We here at Griffin understand your curiosity. You would not believe how many people ask us this question every day. It is one of those things that you really don't want to know the details about, but I'll tell
you anyway.

What stops the laptop from sliding off the stand? We experimented with a variety of substances that are, shall we say, sticky. The same thing that lets a caterpillar climb a window was used at first, but then we ran out of caterpillars. Then we tried the stuff that a frog uses to stick bugs to its tongue. This worked great until the Federal Government informed us that the frogs in question were endangered and protected. We experimented with suction cups and magnets, to no avail. Then we found the perfect substance--the belly fur of a Northern Australian
Hairy Nosed Wombat. These guys cling to Eucalyptus trees like you would not believe. We shave these little buggers' bellies twice a year (it grows slow) and use it in a special formula that we form into small strips of material that we call "friction pads." These are then placed on our iCurve to prevent the laptop from slipping off the stand.

OK, in reality we use a product called Bump-on that is resistant to slippage. It will secure the laptop to the stand. As a bonus to those who are worrisome, we include a set of clear rubber half moon "bumps" or "stops" that will further inhibit the sliding of the laptop. You place these on the end of the iCurve arms, if you like.

I hope this helps explain. Best regards.

Griffin Team
Conrad · August 12, 2003 - 10:45 EST #5
I'm one of the people who wrote to Griffin asking about slipping before I bought one. I wrote to them on April 1 and got the Wombat reply...and that was good enough for me! *grin*

I bought the stand and have never had my 12" slip, even while typing and bouncing on it directly.

It's an absolutely wonderful stand. I only wish they shipped invisible cables with it. The look is somewhat spoiled by all the junk I've got coming out of the side of the 'book.

A side point, it looks lovely with the 12", but when we tried my friend's 17" on it, the stand seemed to disappear and the Mac appears to float. Very different, but still wonderful (and still no slip).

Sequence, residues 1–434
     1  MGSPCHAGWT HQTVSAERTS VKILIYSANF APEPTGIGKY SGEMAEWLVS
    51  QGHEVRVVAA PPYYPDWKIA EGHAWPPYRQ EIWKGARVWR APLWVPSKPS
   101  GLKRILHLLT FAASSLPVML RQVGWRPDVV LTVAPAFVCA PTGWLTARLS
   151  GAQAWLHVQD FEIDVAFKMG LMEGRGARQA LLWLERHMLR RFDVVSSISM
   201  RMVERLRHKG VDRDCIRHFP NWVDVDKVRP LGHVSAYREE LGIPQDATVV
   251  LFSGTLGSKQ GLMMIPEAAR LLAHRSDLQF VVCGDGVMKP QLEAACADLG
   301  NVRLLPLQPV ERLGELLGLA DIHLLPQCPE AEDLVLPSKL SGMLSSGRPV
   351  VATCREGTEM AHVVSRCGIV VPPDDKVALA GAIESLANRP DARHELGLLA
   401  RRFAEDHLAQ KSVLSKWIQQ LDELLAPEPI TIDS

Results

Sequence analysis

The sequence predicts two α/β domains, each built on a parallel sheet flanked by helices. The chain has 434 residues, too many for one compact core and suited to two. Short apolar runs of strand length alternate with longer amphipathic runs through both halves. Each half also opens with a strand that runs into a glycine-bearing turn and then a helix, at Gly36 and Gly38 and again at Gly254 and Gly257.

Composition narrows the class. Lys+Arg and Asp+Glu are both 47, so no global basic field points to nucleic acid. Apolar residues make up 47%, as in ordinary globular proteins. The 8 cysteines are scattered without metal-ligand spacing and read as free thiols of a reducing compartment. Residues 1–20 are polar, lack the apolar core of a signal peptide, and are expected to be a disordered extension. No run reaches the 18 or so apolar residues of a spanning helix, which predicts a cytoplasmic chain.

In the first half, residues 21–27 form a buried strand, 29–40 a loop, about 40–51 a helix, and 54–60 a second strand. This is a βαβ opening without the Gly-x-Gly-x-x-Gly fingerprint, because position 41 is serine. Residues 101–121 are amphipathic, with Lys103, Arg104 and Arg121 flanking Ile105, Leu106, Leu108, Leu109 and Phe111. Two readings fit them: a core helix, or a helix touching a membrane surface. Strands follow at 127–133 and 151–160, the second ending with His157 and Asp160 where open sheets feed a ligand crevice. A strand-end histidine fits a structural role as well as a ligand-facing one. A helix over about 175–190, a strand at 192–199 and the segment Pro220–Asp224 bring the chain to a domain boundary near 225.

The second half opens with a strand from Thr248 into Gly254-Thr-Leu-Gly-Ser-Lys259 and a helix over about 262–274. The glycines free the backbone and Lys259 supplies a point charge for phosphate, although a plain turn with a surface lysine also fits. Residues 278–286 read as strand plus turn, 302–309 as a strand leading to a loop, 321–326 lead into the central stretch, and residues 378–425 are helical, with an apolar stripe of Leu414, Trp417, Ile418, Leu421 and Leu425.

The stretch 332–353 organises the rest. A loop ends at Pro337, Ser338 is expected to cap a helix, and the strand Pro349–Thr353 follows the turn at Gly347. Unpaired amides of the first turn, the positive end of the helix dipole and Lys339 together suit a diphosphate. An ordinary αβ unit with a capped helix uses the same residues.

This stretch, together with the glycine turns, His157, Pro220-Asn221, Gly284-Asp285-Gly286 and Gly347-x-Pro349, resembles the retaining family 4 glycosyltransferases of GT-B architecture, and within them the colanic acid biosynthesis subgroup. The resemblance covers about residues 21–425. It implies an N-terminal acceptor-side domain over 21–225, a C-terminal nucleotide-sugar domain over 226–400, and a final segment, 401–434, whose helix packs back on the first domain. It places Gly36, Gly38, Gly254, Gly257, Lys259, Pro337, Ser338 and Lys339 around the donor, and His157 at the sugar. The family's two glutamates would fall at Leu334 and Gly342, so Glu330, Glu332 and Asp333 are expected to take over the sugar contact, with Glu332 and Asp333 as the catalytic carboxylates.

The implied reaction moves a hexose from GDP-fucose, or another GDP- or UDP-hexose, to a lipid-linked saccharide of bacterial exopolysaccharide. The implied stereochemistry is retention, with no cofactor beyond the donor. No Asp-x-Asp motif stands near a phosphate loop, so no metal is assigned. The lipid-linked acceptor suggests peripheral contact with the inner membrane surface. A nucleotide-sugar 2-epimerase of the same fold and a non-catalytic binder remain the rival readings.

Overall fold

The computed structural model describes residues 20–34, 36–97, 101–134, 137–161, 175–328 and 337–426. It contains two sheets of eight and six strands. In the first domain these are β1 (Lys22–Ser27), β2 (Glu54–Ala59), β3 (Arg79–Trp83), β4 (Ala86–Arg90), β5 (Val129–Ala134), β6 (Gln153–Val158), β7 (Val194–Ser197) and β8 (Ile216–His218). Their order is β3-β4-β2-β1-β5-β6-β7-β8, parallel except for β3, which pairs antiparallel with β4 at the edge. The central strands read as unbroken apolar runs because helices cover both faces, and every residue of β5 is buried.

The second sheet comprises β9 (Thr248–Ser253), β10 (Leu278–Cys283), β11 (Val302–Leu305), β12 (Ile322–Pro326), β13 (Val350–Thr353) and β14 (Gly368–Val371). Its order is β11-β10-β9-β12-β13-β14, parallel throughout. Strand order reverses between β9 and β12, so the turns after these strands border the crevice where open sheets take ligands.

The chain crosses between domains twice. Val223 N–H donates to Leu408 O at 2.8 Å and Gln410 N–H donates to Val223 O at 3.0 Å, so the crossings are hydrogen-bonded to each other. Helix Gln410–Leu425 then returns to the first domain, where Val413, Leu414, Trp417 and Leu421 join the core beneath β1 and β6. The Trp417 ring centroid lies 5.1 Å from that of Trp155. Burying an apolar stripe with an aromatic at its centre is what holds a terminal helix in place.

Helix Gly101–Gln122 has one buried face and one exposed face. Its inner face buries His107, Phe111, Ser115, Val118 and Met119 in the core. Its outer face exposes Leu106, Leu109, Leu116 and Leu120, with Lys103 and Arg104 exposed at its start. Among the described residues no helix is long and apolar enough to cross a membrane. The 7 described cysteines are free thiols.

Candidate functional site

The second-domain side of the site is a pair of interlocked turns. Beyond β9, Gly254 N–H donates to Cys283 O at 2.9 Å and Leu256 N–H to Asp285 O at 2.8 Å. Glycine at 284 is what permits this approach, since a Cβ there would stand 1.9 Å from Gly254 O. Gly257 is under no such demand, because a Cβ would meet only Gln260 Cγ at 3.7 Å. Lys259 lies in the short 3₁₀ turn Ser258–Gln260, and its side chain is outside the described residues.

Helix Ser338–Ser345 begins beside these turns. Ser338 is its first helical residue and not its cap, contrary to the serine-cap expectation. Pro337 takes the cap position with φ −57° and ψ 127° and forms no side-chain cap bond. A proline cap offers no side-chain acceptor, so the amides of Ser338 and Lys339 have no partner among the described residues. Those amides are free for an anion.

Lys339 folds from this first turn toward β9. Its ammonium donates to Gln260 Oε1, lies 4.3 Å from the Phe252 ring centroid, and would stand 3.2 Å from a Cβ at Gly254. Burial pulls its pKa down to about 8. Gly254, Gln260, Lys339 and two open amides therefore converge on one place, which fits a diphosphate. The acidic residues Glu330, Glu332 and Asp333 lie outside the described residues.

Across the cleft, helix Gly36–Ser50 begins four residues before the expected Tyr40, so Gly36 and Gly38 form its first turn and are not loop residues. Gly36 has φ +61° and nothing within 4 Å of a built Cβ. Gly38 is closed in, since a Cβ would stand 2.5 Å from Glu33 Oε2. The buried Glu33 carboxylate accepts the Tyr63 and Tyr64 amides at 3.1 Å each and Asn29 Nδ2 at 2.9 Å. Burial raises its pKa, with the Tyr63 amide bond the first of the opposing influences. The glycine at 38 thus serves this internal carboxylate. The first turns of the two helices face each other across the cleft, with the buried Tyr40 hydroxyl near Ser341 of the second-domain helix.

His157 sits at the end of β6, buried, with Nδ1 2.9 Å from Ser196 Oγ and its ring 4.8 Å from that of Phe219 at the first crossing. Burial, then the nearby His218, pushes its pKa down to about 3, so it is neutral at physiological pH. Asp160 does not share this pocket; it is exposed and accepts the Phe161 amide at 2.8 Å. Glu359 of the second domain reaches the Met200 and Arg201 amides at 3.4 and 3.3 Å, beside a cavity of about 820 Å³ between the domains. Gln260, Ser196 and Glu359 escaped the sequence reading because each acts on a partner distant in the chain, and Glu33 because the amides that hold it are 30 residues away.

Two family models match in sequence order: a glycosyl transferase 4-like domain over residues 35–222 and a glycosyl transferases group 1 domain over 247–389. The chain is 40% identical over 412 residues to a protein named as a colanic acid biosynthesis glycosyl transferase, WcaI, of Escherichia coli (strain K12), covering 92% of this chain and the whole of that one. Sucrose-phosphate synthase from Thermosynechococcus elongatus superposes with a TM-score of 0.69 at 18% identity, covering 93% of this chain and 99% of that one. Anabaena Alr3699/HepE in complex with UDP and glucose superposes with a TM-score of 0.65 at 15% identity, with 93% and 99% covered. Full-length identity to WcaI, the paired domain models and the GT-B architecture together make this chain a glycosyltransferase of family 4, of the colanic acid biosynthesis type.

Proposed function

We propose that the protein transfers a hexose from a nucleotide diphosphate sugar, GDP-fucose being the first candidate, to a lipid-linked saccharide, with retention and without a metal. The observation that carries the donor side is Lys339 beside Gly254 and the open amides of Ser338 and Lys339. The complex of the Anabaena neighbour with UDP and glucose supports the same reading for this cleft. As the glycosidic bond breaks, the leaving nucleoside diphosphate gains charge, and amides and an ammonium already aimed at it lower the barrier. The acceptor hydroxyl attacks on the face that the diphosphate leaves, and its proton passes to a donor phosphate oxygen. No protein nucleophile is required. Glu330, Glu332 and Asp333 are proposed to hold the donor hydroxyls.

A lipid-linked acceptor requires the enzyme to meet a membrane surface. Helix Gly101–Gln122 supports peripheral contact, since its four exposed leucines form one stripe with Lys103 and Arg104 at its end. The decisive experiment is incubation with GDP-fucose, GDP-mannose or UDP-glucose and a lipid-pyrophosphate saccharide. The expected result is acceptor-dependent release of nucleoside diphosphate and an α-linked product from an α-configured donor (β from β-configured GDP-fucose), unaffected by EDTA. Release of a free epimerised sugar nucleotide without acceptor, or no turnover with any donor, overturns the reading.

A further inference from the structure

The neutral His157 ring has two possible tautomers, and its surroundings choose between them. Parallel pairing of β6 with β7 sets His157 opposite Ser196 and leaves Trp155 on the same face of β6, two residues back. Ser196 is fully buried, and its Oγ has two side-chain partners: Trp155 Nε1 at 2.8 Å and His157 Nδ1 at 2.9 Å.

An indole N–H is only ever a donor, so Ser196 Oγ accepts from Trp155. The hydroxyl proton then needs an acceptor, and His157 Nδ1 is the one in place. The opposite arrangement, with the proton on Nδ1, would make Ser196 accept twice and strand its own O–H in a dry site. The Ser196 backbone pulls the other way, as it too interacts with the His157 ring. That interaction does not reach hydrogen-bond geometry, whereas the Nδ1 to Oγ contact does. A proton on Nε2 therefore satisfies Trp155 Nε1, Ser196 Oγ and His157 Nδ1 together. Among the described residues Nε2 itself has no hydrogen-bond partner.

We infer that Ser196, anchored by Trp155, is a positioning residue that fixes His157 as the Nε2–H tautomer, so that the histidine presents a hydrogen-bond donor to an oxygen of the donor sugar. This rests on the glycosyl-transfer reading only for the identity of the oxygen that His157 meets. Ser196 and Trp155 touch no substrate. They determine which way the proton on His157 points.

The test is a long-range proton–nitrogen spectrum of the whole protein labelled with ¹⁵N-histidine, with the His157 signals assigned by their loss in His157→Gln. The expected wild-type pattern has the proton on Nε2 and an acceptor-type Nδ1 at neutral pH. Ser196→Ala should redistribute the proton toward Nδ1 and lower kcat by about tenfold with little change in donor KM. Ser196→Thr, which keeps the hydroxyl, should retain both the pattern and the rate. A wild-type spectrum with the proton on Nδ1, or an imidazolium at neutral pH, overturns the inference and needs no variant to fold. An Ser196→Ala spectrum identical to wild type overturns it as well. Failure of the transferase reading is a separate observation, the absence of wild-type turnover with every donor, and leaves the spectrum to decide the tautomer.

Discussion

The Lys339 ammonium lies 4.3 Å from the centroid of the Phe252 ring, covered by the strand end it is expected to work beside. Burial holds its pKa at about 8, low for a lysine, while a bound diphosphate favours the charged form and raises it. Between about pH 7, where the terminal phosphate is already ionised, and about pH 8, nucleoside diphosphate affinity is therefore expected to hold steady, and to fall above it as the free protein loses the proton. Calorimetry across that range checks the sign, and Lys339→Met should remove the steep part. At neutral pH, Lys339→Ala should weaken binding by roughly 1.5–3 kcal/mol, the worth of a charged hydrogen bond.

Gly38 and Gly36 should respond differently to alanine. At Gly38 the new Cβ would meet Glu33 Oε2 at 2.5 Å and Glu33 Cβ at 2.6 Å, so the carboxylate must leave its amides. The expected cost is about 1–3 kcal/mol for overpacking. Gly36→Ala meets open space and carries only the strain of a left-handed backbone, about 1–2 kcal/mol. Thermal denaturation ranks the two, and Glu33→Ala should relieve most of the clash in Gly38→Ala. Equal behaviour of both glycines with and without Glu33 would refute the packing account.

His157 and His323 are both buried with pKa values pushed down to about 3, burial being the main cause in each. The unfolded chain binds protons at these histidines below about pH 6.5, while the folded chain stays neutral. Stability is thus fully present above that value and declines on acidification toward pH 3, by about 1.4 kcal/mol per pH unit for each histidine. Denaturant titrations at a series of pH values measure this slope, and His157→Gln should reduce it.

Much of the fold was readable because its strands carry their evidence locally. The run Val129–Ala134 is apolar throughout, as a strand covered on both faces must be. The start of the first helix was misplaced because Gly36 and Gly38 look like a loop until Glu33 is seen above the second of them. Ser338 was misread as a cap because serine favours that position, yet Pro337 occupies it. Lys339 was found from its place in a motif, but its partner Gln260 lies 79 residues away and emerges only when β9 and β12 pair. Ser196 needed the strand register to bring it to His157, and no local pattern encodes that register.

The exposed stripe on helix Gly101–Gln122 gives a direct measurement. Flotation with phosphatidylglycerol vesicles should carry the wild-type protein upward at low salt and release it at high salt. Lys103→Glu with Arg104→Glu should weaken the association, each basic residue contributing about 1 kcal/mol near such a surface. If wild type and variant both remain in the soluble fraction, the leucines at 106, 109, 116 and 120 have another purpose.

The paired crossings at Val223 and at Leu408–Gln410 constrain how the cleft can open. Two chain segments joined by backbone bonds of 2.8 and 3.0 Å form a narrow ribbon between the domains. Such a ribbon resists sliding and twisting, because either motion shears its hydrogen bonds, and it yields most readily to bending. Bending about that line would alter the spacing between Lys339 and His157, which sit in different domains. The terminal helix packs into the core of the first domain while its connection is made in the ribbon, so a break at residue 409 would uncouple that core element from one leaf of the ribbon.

Rob · August 12, 2003 - 14:09 EST #6
I have had an iCurve with my 12.1" iBook for about 6 months now and I definitely agree with the review. It's a classy product that measures up to the high standard of design set by Apple's products.
Bob · August 19, 2003 - 03:16 EST #7
I like the iCurve. We're a multi-iCurve household (three, with another coming).

They aren't all the same. None of the reviews tell you that, and Griffin doesn't either.

Here are some photos of the differences.

Also, the photo that ATPM used was a promotional photo from Griffin. The real ones have writing and non-slip pads on them, which may have reduced some of the comments here.
Dennis · August 20, 2003 - 19:58 EST #8
Now I know all about the wombat stickiness. I'm not worried about sliding PowerBooks any more. But will my PowerBook eventually warp and buckle without anything to support it in the middle?

Yes, I am a little obsessive and paranoid (bad combo).

Lee Bennett (ATPM Staff) · August 20, 2003 - 21:07 EST #9
Dennis - your PowerBook will most certainly not warp and buckle.
Dennis · August 22, 2003 - 18:07 EST #10
Thanks, Lee. You're right, of course. I got my iCurve today and my PowerBook isn't at all bending. The stand looks great and does all the good things everyone above says it does. The lowest price I've seen in the UK is at, just in case anyone's interested.

Malcolm Davis · January 26, 2004 - 12:48 EST #11
I'm looking to buy an iCurve, not to support a laptop, but to support a small MIDI keyboard - specifically a Nord Modular or Modular G2 synthesizer. I need to add an 'extra level' to my desk, so that I can slide another keyboard above a large 88 note music workstation. If the iCurve can manage the size (473mm (w) x 264mm (d) and 10.36lb weight for a Nord Modular, then it will be an ideal solution for my needs. Alternatively I could use two iCurves if I get a Nord G2 modular. The debate on how secure a laptop is on the stand is also very relevant to my needs.

J.K.B. · February 22, 2004 - 17:52 EST #12
I've had an iCurve for a few months now. It's been marvelous, until I found my PowerBook on the floor one morning. It has started to slide off. :-(
Lee Bennett (ATPM Staff) · February 22, 2004 - 19:24 EST #13
J.K.B. - that's probably why I didn't end up buying one. I'd bet the makers of this thing don't necessarily intend to have a laptop left on it for long periods of time.

I'm a bigger fan of the Podium CoolPad. It doesn't raise your screen up as high as the iCurve, but it's more portable and I promise your laptop won't slide off.
Christopher Turner (ATPM Staff) · February 22, 2004 - 19:51 EST #14

Have you contacted Griffin? They may send you replacement pads for the top of the iCurve. It's worth checking out.
Corvera · February 27, 2004 - 01:32 EST #15
I just bought an iCurve (it hasn't arrived yet) and I also have the Apple wireless mouse. I'm not planning to have an external keyboard. I intend to type directly on the PowerBook. What do you guys recommend? I'm also concerned about finding my 'Book on the floor.
Lee Bennett (ATPM Staff) · February 27, 2004 - 02:50 EST #16
Corvera - I am almost certain you will find that the height of the iCurve is too great to be able to comfortably type on the built-in keyboard. The iCurve isn't exactly intended for direct typing—rather to just raise the display to a more comfortable viewing angle while using an external keyboard at the proper height.